32 Van Foreest, Lucas 4.5 NED M 1952 2328 +3.46
33 Majhi, Ankit 4.5 NED M 1923 2283 +3.41
34 IM Vedder, Henk 4.0 NED M 2378 2216 -1.69
35 WGM L'Ami, Alina 4.0 ROU F 2376 2329 -0.38
36 Hopman, Pieter 4.0 NED M 2344 2318 -0.29
37 FM Van der Poel, Henk 4.0 NED M 2306 2101 -2.04
38 Johansson, Linus 4.0 SWE M 2287 2260 -0.26
39 Donker, Roel 4.0 NED M 2228 2276 +0.60
40 Grant, Jonathan 4.0 SCO M 2217 2160 -0.70
41 Kollen, Zyon 4.0 NED M 2174 2286 +1.10
42 Van der Lende, Ilias 4.0 NED M 2169 2293 +1.24
43 Van der Raaf, Erik 4.0 NED M 2163 2043 -1.20
44 FM Vogel, Jaap 4.0 NED M 2158 2204 +0.44
45 Timmermans, Ivo 3.5 NED M 2254 2183 -0.82
46 WIM Padurariu, Ioana-Smaranda 3.5 ROU F 2236 2135 -1.05
47 Mellema, Andries 3.5 NED M 2181 2033 -1.52
48 Go, Benjamin 3.5 NED M 2175 2110 -0.80
49 Veinberg, Nimrod 3.5 ISR M 2170 2091 -0.87
50 CM Van 't Hof, Eric 3.5 NED M 2137 2203 +0.57
51 Lee, Kai Jie Edward 3.5 SIN M 2132 2295 +1.53
52 WIM Kasparova, Tatiana 3.5 BLR F 2126 2159 +0.26
53 Sadallah, Osama 3.5 NED M 2126 2159 +0.30
54 Baskin, Robert 3.5 GER M 2071 2183 +1.11
55 Henseler, Jorgen 3.5 NED M 2062 2166 +1.05
56 Vos, Tjark 3.5 AHO M 2003 2240 +2.06
57 FM Lorscheid, Gerhard 3.0 GER M 2267 2250 -0.19
58 Vroombout, Enrico 3.0 NED M 2243 2001 -2.56
59 Stavast, Dick 3.0 NED M 2125 1981 -1.38
60 Hendriks, Richard 3.0 NED M 2123 2063 -0.72
61 Klomp, Robert 3.0 NED M 2119 2047 -0.98
62 Lessmann, Francis 3.0 NED M 2100 2074 -0.36
63 Van Osch, Mees 3.0 NED M 2083 2133 +0.41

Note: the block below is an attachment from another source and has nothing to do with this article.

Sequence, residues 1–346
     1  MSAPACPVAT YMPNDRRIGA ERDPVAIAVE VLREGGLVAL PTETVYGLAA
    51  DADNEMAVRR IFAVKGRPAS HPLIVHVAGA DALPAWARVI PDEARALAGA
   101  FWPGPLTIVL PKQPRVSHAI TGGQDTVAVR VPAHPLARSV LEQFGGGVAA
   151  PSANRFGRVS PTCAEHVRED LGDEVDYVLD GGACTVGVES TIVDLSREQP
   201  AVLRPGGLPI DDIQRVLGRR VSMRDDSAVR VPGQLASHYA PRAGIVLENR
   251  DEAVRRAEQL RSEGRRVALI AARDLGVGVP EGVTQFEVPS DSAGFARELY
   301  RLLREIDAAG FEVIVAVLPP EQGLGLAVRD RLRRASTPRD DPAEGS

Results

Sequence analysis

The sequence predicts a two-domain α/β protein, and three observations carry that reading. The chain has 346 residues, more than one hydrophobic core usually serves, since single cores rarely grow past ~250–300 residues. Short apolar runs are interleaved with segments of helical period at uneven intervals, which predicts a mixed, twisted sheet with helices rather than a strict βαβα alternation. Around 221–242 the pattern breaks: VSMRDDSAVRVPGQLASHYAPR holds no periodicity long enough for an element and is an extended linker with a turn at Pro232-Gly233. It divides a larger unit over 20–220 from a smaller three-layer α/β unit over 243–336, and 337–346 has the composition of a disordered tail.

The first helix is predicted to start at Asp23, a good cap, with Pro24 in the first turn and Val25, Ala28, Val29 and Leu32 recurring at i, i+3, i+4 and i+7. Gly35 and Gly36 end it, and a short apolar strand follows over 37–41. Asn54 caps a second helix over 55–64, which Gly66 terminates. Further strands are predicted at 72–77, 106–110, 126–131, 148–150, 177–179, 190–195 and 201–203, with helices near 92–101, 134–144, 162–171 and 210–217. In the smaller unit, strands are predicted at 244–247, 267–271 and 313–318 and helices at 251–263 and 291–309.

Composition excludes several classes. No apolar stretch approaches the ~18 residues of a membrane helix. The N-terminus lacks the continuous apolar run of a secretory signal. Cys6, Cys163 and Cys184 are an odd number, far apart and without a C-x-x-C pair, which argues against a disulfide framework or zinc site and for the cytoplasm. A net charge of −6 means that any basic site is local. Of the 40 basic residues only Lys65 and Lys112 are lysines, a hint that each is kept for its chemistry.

64 Ritsema, Ronald 3.0 NED M 2058 2001 -0.63
65 Klapwijk, Bram 3.0 NED M 2039 2061 +0.15
66 Haver, Daan 3.0 NED M 1985 2025 +0.33
67 WFM Kazarian, Anna-Maja 3.0 NED F 1864 2053 +1.65
68 Hovenga, Alje 2.5 NED M 2246 1934 -3.17
69 Potze, Rudolf 2.5 NED M 2124 2016 -1.11
70 WFM Slingerland, Caroline 2.5 NED F 2103 1981 -1.20
71 Haver, Bas 2.5 NED M 2044 2046 +0.00
72 Van Wageningen, Arie 2.5 NED M 2044 * 1977 1977
73 Voss, Herman 2.5 NED M 2015 2020 +0.06
74 Kolodkin, Daniil 2.5 NED M 1943 2005 +0.56
75 Hoffman, Ron 2.0 NED M 2107 1909 -2.20
76 Gieben, Stijn 2.0 NED M 2068 1947 -1.25
77 Van der Lende, Nathalie 1.0 NED F 1968 1776 -1.66
78 Djuric, Olgica 1.0 SRB F 1880 1777 -0.72

Friso Nijboer lost in the first round to 2100 player but then won seven games in a row

Jan Timman, in shared second place with one round to go

In the series "chess couples in Hoogeveen" there's also Erwin and Alina l'Ami....

...and WIM Ioana-Smaranda Padurariu who brought a strong second: her boyfriend Jan Smeets

Peter Doggers's picture
Author: Peter Doggers

Founder and editor-in-chief of, Peter is responsible for most of the chess news and tournament reports. Often visiting top events, he also provides photos and videos for the site. He's a 1.e4 player himself, likes Thai food and the Stones.


arkan's picture

Well no disrespect, but that picture of Nakamura shaking hands.. i hope that was a lens distortion

Anonymous's picture

Me too, hoping that picture of Nakamura shaking hands was just a lens distortion. No disrespect intended.

Peter Doggers's picture

Hm, yes, it did look a bit strange. Changed the photo for a different one.

Anonymous's picture

I don't get it. Please clarify if you would.

RuralRob's picture

If Hou Yifan needed to give a demo on that demo board, could she even reach the 8th rank?

Casey Abell's picture

Nakamura won against Tiviakov in the final round to take the tournament. Just piled up pressure against Black's glaringly weak pawn on d6 until he finally confiscated it. Interesting positional game by Naka. At least he seems to be recovering from the disaster in London.

Giri and Hou Yifan drew. Very disappointing tournament for Anish and not really a very good outing for Hou Yifan, either.